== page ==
What is 'Colour Personal Computing?'
Colour Personal Computing is a fanzine dedicated to the apple of Alan Sugar's eye, the Amstrad CPC 8-bit microcomputer.
A lifelong dream of mine to publish my own Amstrad fanzine was finally fulfilled in January when Issue 1 of Colour Personal Computing was shipped to CPC-fans the world over. You can see the original Kickstarter campaign here or download a free 8-page sample of Issue 1 here. But I'm not stopping there....
My intention is for Colour Personal Computing to be an on-going quarterly publication, chronicling the on-going battle of the CPC to remain relevant in the 21st century. And remaining relevant it is, with dozens of great new game releases, hardware expansions and applications being developed every year. Yes, there's some great web resources dedicated to our favourite machine, but nothing beats holding an actual paper production in your hands.
What can I expect from Issue 2?
One major change is that from Issue 2, the fanzine will a full-colour A5 production. We've also got some great contributors lined-up, so the standard of writing is sure to improve since it's not just me waffling on for 36 pages.
And speaking of pages, we're aiming 36 of them at the very least.
Here's the sort of content you can expect in issue 2:
- Our guide to cart conversions - get your favourite games up and running on your GX4000 with our handy guide.
- Part two of our feature on floppy emulation - add an LCD display and buzzer to a GoTek drive.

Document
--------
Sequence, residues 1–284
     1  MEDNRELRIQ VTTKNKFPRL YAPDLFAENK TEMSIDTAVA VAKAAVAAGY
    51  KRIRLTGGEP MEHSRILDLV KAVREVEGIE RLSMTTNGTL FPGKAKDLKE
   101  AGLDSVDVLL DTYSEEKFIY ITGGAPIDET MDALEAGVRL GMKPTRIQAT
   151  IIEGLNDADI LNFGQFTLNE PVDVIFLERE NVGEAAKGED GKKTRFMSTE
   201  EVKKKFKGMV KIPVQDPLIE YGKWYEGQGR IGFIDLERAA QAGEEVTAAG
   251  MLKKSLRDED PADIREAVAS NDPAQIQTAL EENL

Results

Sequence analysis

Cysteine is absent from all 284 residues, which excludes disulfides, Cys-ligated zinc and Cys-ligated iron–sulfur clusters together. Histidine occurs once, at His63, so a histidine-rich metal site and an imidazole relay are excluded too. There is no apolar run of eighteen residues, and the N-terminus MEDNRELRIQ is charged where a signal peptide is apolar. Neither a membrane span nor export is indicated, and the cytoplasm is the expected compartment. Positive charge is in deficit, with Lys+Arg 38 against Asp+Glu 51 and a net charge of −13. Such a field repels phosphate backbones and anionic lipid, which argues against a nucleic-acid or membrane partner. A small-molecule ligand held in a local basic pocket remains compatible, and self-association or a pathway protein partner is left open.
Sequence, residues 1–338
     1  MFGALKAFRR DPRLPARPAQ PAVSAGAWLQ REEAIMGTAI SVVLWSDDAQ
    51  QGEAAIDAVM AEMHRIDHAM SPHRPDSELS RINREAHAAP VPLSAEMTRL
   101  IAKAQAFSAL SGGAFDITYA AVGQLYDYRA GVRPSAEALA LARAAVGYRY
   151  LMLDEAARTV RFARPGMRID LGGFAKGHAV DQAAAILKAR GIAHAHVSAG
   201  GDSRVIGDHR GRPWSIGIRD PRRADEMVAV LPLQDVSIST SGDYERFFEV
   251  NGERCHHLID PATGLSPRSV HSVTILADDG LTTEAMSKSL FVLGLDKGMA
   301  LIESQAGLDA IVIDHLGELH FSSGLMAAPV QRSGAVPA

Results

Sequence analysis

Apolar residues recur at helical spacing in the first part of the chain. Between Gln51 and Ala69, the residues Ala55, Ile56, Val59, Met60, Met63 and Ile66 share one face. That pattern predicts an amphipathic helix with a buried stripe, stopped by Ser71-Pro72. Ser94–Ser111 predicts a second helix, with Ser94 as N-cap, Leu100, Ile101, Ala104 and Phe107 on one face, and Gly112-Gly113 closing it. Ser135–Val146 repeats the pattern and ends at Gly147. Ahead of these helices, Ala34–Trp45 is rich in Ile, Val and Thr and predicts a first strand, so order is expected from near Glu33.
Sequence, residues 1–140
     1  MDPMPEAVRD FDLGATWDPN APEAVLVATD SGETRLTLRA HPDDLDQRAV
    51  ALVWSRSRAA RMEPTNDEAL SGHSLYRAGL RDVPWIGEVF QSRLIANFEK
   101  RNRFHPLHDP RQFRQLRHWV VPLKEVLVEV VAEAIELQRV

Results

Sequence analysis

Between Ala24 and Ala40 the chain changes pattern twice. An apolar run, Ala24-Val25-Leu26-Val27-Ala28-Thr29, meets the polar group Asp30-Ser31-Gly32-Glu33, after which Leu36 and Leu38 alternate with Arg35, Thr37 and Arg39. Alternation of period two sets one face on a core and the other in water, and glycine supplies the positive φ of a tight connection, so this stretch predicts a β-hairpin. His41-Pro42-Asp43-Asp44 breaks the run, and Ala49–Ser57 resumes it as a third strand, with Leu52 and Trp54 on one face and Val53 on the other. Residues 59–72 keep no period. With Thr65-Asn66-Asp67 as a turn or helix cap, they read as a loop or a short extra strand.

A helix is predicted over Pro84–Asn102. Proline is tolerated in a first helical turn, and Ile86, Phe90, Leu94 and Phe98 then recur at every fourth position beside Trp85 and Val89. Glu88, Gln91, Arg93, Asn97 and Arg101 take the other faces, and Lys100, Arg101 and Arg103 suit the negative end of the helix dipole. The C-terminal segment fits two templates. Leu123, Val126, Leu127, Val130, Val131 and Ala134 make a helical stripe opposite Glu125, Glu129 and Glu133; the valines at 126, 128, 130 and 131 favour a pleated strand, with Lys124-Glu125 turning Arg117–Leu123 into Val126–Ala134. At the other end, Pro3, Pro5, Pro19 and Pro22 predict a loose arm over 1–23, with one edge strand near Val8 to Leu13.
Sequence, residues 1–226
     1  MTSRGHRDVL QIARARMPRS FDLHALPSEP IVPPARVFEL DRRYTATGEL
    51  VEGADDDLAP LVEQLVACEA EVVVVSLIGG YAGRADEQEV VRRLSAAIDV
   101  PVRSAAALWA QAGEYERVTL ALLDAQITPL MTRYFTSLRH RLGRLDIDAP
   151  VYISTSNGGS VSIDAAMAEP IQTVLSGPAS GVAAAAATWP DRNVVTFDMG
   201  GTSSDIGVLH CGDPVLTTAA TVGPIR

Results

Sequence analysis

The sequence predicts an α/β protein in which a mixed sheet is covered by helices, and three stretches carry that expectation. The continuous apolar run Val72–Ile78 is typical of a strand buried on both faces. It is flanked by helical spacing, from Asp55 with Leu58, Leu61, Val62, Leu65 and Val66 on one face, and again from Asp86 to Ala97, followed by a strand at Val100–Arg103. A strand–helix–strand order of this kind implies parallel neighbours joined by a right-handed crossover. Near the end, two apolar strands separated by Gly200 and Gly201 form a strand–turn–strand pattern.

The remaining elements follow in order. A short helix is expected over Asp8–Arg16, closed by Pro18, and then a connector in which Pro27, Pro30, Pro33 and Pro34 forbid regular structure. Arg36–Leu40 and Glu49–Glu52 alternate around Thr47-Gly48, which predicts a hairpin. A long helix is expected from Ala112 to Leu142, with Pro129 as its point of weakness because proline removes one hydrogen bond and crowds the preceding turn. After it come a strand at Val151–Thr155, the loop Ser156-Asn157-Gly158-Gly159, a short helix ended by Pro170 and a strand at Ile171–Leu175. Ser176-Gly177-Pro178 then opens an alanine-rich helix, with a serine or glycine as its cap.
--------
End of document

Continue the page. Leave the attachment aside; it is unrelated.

- An exclusive preview article from Eight-bit Memoirs - an upcoming Blu-ray 'zine.
- A feature on new website, Everygamegoing.com
- An in-depth look at the M4 board
- Lots of game reviews including Magica, Imperial Mahjong and Adios a la casta.
- Loads more stuff that we can't tell you about yet (we're sworn to secrecy).
Why Kickstarter (again)?
After the success of the first issue, I told myself that I wouldn't go back to Kickstarter for further issues and would instead sell directly through my on-line store. In the end though, a couple of different things changed my mind...
Firstly, I noticed the great job that Eight-bit magazine was doing in stirring up interest with a new Kickstarter for each issue. My concern was that people would tire of repeated Kickstarter campaigns, but the opposite seems to be true and people have really got behind it.
Secondly, with the move to a colour fanzine the financial risks have gotten greater from my end and the production number required to break-even has increased. Therefore, to secure enough copies sold to make the colour printing worthwhile I'm starting a new Kickstarter for issue 2.
Risks and challenges
Most of the big hurdles were overcome with the first issue of the fanzine (which was admittedly a bit late) and we feel confident that issue 2 will arrive in a more timely fashion.
One of the big risks is the move to colour, but we've already got a new print company lined up and a successful test run (of issue 1 in colour!) has proven to us that they can do a good job. As mentioned, the minimum quantity we need to order has increased, hence the new Kickstarter campaign to generate interest in the fanzine.Learn about accountability on Kickstarter
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